The demand for soy products is high, since meat and bone meal in feed is
prohibited in the EU. Yet, most of the soy is imported from overseas. Replacing part of the soymeal consumption by locally grown rapeseed products seems to be a promising way to reduce dependency on soy products.
Rapeseed cakes (RC) (the secondary product of screw pressing rapeseed) and extracted rapeseed meal (the product of chemical extraction of rapeseed) are rich in proteins, so suitable for high-production dairy cows. Extracted rapeseed meal (ERM) has been used for a long time in Germany and in the Scandinavian countries where ERM is used as a fully-fledged, 100% substitute of soymeal in feeding high-production dairy cows. RC have a similar nutritional composition as ERM, also making it a fully-fledged substitute of ERM. Moreover, thanks to the clean mechanical extraction of vegetable oil, they do not contain any residues of chemical
solvents, which are used in chemical oil extraction. Also, the higher content of fat and thus a higher energetic value of the cakes is an undisputable advantage. Cakes are not used in the fodder for ruminants as widely as ERM, particularly due to the low production of cakes. However, they play an important role in animal nutrition.
Study in thermal treatment
In a recent study, two different cakes were compared. One was produce by a technology from the company Farmet, using cold-warm pressing (CWP). The other cake was derived by using a two-stage pressing with extrusion EP2. The cakes were compared with extracted rapeseed meal. In CWP technology, rapeseed is cold-pressed at first stage and then heated in a stack cookers followed by being warm-pressed in the second stage. With the EP2 technology, the material is first cold-pressed, then heated and extruded in the extruder and then pressed in the second stage. The extracted rapeseed meal was wet-extruded: the rapeseed meal was first heated and humidified in the steam preconditioner and then extruded. The content of crude protein (CP) in the dry matter in the compared materials was similar. The comparing temperature for the meal was set at the temperature in the last working chamber (the material temperature is estimated to be lower) and for the cakes the temperature of the cakes was set at the output from the final press.
When processing the rapeseed meal, 80 – 100 kg of steam was used per 1 tonne of material and 40 – 50 kW/t of material during extrusion.
Crude protein modification
The aim of the study was to determine the transformation of protein fractions according to The Cornell Net Carbohydrate and Protein System (CNCPS). In particular, the transformation of fractions B2+B3 was monitored (these fractions affect the quality of the by-pass protein –protected from rumen degradation) in relation to the temperature in the individual technologies. Target value of experiment for B2+B3 fractions was set at 22% in dry mater (75% of CP content is rumen protected). Figure 1 shows the effect of the temperature of the cakes on protein transformation where the ratio of fractions B2+B3 increases with rising process temperature. In the CWP technology, there is a sharp increase in the fraction transformation in favour of B2+B3 starting at the temperature of 115°C. Therefore, pressing at temperatures below 115°C does not contribute to the nutritional value of the cakes. When the temperature exceeded 125°C, the target value was achieved. The EP2 technology shows a much more linear progress of the transformation when fractions B2+B3 stabilise at the value of 26% starting at the temperature of 120°C, which significantly exceeds target value. Extrusion of extracted meal produces a product that has better parameters than other technologies. However, higher energy inputs are required, which can be more expensive in the end.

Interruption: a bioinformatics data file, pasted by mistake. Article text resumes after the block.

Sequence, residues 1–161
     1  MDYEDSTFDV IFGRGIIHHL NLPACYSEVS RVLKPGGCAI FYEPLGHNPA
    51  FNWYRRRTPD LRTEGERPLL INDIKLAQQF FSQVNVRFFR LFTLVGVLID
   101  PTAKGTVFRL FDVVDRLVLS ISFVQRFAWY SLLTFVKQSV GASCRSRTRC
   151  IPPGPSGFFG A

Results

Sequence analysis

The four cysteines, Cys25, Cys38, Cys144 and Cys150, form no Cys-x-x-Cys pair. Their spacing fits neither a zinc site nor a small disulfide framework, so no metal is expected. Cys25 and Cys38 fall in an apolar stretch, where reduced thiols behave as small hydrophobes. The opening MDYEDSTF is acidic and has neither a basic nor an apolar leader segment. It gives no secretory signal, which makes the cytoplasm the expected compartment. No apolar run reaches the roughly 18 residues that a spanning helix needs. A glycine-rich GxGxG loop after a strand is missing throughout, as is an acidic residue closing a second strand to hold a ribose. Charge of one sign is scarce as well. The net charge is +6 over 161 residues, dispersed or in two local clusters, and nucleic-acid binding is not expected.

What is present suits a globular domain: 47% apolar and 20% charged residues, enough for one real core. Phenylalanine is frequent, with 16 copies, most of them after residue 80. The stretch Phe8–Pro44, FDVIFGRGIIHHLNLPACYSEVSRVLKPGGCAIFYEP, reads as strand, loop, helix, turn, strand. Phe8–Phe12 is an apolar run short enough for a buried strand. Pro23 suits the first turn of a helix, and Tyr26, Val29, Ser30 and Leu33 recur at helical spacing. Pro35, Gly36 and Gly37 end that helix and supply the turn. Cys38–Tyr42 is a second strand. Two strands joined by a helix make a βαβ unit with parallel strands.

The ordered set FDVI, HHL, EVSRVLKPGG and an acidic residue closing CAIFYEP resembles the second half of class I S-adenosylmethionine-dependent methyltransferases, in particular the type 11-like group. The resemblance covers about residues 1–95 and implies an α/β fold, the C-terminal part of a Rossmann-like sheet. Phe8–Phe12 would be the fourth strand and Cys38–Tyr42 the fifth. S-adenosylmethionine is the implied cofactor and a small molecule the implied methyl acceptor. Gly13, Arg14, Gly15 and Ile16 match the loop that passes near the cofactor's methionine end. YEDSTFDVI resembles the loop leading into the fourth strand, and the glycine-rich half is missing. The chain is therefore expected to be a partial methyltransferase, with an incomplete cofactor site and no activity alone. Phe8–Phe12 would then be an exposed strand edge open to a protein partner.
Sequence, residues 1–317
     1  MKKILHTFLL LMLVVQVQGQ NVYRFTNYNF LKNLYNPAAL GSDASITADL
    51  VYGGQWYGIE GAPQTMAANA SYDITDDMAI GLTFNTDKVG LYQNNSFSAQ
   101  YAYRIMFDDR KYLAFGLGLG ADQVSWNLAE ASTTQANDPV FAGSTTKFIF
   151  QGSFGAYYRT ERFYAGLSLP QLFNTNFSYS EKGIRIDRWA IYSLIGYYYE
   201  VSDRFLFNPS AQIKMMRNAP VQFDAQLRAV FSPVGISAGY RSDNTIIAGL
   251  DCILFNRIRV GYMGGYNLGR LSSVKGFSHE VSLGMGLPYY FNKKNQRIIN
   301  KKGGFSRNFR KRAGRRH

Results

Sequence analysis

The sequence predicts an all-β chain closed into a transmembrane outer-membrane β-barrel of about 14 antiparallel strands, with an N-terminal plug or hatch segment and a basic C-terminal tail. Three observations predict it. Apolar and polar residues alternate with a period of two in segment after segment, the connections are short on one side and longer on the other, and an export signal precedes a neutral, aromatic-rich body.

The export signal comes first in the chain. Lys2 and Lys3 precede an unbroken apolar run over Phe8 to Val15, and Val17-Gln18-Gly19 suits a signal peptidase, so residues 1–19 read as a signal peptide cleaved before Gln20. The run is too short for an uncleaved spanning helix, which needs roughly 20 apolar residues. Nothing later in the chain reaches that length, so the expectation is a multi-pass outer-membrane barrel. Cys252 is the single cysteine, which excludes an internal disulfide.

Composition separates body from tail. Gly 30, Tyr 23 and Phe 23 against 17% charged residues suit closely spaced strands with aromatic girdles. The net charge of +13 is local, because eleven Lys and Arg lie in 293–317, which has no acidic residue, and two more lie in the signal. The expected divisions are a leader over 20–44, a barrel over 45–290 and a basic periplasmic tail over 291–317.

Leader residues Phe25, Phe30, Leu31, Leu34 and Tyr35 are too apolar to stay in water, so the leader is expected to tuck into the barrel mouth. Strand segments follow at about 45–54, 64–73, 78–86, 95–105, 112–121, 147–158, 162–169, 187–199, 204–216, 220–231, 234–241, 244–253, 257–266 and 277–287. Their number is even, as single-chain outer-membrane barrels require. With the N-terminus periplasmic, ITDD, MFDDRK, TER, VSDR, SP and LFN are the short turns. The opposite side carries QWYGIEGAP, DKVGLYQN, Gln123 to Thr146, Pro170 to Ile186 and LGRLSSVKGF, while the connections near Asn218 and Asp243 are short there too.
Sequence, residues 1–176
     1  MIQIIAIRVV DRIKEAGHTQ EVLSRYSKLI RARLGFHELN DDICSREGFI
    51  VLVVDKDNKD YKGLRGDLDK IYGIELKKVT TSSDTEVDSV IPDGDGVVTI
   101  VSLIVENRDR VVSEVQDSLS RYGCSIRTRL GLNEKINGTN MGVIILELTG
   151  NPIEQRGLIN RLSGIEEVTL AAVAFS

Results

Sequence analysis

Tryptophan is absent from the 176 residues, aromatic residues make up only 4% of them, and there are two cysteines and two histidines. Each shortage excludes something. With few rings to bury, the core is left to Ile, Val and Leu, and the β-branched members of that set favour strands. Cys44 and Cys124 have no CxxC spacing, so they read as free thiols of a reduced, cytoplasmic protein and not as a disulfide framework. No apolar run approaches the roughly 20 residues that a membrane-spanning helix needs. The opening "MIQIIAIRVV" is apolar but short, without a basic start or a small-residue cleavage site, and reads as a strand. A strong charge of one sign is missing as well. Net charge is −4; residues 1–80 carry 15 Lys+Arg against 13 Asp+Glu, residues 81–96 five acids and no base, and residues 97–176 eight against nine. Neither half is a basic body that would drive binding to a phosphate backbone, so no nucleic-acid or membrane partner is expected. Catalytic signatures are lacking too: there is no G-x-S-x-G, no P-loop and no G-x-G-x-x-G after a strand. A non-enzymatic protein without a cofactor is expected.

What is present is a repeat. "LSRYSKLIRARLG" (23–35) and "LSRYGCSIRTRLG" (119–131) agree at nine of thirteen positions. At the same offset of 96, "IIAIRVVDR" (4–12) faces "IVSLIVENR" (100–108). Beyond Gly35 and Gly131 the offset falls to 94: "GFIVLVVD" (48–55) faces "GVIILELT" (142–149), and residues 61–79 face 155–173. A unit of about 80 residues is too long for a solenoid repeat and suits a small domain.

Furthermore, Figure 1 implies an economic benefit of warm-pressing with the use of a stack cooker. When compared with the extruded extracted rapeseed meal, the sum of input energy in the case of rapeseed cakes is much lower. The nutritional parameters of the protein fractions in rapeseed cakes from the final press during warm-pressing are comparable though. When processing the rapeseed meal, 80 – 100 kg of steam was used per 1 tonne of material and 40 – 50 kW/t of material during extrusion. To process rapeseed cakes by warm-pressing, only the steam in the stack cooker was used for heating. However, its quantity was not measured precisely. The energetic intensity of warm-pressing is lower when pressing is compared to extrusion.
Figure 2 does not show a significant dependence of changes in fraction C (indigestible protein fraction), which means that there is no considerable degradation of proteins even when the maximum temperature is reached. Therefore, it is possible to assume its good intestinal digestibility in case of protein being not degraded in the rumen.
To reduce dependency on soymeal in animal nutrition there is great need for developing new sources of protein. The application of thermal treatment of rapeseed cakes or extracted rapeseed meal, described in this article, can significantly improve their nutritional value by shifting protein fraction to increase by-pass protein content. At the same time, the oil yield in oilseed pressing technologies also increases when heating by extrusion or a stack cooker is applied. The measured data showed the improvement in nutrition values of rapeseed cakes and extracted rapeseed meal, but appropriate choice of technology depends on specific situation and customers’ requirements.
Authors: *Michael Kaválek and Jiřt Hanuš, Farmet Plc, Czech Republic